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Old 08-07-2009, 21:26   #1
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Sail Specifications

This is a topic that I find most neglected by us sailors.

We sail boats, so we buy sails. But most of the time the sail will be specified by the sailmaker, and we just get what they give us.

With this thread I wish to seek your contribution based on your cruising experience in building a full sail specification. What I mean is how can we list the specifications for the sailmaker to quote, so that we get a good cruising sail that will last.

For example, let me start with material. After searching materials from a few material manufacturers, I have decided that Hood is onto a good thing. A Woven Kevlar material. But they do not supply that material to others, and a Hood sail cost much more than others. Luckily Dimension Polyant have come up with something similar. The material is called Hydra-Net, it is a woven polyester with Dyneema in it. In my view this is a good compromise in order to hold its shape longer.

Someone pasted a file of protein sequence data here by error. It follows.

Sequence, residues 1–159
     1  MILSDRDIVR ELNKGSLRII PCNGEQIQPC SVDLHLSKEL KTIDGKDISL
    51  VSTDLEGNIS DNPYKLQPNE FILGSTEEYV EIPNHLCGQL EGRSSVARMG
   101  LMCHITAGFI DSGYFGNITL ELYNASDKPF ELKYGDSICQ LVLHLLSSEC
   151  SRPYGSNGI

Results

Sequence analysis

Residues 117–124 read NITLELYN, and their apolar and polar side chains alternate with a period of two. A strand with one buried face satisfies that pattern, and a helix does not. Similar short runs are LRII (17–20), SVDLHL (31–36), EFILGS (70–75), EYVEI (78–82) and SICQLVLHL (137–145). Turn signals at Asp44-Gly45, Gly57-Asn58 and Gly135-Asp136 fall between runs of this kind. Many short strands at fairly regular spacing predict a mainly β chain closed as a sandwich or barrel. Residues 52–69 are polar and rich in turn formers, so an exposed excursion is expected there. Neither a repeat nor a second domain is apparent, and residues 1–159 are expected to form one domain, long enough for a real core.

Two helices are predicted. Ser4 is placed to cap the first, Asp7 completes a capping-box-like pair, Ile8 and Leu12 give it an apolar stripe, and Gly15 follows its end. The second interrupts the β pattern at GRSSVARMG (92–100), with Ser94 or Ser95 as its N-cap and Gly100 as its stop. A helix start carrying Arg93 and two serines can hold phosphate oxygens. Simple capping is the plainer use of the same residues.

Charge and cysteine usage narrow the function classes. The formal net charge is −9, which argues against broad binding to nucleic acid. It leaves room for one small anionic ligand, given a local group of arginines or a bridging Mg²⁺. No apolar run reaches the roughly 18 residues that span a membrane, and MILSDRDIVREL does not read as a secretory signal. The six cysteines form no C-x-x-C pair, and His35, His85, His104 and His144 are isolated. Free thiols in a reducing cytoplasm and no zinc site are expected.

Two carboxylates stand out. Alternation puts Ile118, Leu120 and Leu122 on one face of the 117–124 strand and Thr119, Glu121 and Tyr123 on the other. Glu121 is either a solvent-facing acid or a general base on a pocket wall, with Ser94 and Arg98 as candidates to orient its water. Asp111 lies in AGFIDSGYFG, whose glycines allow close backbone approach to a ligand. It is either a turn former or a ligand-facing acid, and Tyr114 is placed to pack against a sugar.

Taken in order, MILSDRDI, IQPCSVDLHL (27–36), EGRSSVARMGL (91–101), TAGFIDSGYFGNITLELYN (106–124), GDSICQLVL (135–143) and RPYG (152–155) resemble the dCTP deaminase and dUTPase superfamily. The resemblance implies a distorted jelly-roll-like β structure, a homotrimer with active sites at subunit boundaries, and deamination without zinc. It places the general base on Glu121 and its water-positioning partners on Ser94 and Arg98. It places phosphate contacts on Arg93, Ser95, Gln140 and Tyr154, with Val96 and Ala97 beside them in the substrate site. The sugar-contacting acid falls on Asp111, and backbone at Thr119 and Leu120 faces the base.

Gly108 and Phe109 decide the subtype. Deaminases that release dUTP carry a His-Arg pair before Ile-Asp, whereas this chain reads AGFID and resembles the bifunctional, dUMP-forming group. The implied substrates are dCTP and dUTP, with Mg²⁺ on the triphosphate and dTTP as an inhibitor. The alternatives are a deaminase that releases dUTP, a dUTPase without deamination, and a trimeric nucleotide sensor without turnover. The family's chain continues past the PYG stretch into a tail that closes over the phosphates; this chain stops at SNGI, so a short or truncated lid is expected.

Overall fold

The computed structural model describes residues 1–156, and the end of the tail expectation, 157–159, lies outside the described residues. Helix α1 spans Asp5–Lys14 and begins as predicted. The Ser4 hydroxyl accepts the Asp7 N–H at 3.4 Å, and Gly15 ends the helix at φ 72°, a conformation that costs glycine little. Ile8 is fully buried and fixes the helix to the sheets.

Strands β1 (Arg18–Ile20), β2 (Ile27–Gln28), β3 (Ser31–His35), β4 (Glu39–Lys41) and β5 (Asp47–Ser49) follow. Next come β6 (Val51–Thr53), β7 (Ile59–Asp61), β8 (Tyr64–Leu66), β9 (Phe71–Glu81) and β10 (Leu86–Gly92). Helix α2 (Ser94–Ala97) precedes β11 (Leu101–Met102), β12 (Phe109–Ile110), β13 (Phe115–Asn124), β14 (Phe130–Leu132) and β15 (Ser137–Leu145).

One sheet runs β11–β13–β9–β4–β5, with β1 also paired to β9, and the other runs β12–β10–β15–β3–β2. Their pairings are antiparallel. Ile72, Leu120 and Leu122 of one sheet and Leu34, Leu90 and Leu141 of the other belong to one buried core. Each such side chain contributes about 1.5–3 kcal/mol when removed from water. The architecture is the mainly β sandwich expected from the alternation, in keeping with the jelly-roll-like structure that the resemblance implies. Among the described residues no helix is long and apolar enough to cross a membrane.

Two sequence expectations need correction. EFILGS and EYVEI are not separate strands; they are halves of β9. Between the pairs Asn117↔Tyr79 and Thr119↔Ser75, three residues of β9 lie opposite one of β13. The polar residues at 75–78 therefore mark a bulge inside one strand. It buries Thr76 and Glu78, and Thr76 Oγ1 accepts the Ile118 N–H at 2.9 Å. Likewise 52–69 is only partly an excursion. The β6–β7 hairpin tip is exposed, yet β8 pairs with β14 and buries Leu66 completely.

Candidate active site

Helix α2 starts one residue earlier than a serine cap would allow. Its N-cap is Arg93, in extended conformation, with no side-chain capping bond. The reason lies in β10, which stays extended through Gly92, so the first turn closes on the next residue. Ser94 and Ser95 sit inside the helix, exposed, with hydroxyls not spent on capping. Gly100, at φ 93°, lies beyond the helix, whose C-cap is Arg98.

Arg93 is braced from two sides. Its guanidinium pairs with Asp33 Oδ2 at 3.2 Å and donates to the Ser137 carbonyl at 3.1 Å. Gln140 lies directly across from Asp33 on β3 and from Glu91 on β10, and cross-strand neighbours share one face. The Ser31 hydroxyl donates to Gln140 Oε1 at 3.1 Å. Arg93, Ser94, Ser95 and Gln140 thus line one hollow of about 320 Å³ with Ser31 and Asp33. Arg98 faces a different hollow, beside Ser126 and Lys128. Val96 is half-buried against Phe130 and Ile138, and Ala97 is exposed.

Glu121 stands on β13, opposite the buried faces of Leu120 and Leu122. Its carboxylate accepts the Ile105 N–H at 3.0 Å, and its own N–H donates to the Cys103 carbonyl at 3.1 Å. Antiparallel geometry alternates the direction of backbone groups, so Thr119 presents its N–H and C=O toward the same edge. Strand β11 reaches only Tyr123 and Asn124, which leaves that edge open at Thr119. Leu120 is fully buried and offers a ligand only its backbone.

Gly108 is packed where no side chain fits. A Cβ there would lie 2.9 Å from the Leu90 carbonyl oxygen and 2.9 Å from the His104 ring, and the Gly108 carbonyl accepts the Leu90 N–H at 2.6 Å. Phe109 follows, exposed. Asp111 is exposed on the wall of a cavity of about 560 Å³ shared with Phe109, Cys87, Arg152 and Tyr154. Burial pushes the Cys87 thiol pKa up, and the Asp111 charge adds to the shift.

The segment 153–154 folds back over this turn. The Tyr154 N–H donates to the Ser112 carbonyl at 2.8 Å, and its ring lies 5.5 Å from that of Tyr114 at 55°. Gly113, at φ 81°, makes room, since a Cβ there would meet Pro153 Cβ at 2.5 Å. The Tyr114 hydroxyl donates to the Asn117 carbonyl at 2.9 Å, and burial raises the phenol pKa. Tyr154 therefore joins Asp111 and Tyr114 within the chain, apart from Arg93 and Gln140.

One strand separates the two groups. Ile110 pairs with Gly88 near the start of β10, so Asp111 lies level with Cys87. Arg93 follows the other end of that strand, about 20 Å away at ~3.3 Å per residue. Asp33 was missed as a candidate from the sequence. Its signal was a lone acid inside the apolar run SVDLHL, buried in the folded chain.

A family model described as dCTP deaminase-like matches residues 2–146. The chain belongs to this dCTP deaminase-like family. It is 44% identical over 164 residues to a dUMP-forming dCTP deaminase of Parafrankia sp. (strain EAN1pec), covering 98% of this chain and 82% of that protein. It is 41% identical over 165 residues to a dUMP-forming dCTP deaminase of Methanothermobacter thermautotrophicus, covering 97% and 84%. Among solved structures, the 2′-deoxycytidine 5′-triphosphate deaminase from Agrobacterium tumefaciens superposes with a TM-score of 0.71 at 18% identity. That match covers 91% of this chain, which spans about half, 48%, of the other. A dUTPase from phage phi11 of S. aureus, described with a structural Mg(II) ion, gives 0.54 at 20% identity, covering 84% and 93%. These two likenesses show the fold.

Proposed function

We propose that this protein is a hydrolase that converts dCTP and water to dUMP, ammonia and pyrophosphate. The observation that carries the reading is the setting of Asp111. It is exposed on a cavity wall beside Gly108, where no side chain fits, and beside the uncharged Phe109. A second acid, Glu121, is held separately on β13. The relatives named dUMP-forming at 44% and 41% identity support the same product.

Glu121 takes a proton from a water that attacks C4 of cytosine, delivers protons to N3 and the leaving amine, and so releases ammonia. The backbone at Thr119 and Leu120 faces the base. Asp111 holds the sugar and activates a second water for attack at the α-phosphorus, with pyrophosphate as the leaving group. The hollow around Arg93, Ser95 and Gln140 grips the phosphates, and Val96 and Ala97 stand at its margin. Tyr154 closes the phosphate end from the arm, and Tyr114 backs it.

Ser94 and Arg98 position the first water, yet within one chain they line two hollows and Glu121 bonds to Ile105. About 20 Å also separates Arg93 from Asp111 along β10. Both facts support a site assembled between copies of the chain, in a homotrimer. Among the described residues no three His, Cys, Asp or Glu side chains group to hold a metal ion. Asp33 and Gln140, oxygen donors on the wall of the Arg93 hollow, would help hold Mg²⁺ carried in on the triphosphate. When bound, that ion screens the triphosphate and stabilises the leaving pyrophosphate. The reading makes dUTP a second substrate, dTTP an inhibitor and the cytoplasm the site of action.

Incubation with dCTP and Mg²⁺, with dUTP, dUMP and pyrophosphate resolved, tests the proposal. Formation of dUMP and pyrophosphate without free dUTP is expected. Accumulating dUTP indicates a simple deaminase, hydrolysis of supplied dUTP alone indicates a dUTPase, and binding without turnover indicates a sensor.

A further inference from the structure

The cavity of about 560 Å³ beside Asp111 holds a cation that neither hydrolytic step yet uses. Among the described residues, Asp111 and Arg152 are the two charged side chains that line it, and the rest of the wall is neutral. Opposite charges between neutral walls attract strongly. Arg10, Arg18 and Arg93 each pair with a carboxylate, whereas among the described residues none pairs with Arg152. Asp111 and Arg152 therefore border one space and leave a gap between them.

2- Cut:
The choices are two, Cross cut or Radial cut. Most sailmakers nowadays prefer Cross Cut, because it will be less labour involved. They would charge more for a Radial Cut, but profit to value of sales will reduce in percentage terms. IE not as good for business.

What should cruisers want? Simplicity of Cross Cut, less stitches to go wrong? Or better shape longetivity of Radial Cut?

3- Stitch:
Double Stitch or triple Stitch? Most cruisers book recommend triple stitched.

ETC. A simple draft of choices is attached on an Excel spreadsheet.

Can you please add your cruising experience in building my sail specifications.

Thank you

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Old 08-07-2009, 21:43   #2
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IMO, kevlar and other exotic materials are ill-suited for cruising sails. But I have not read anything on the subject for a few years, so my knowledge could easily be dated.
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Old 08-07-2009, 23:19   #3
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I have a tendency to agree with speedoo. I know that kevlar is stronger but always believed the fibers were sensitive to shaking as in a flogging sail, and can be damaged by hard creasing, such as happens when you douse shorthanded, and flake or furl mains, or gather and stuff head-sails. If everything is on a furler then some of these problems are diminished.